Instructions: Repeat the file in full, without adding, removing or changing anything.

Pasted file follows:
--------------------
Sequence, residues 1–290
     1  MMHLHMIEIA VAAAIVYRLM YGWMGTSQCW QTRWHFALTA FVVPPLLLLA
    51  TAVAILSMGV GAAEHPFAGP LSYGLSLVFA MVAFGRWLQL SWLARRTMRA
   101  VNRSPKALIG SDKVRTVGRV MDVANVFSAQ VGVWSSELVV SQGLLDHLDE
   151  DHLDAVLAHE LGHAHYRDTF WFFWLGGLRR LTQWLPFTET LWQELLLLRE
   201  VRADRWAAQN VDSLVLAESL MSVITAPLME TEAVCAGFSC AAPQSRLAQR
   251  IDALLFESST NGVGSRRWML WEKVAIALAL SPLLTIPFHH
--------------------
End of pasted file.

Sequence, residues 1–290
     1  MMHLHMIEIA VAAAIVYRLM YGWMGTSQCW QTRWHFALTA FVVPPLLLLA
    51  TAVAILSMGV GAAEHPFAGP LSYGLSLVFA MVAFGRWLQL SWLARRTMRA
   101  VNRSPKALIG SDKVRTVGRV MDVANVFSAQ VGVWSSELVV SQGLLDHLDE
   151  DHLDAVLAHE LGHAHYRDTF WFFWLGGLRR LTQWLPFTET LWQELLLLRE
   201  VRADRWAAQN VDSLVLAESL MSVITAPLME TEAVCAGFSC AAPQSRLAQR
   251  IDALLFESST NGVGSRRWML WEKVAIALAL SPLLTIPFHH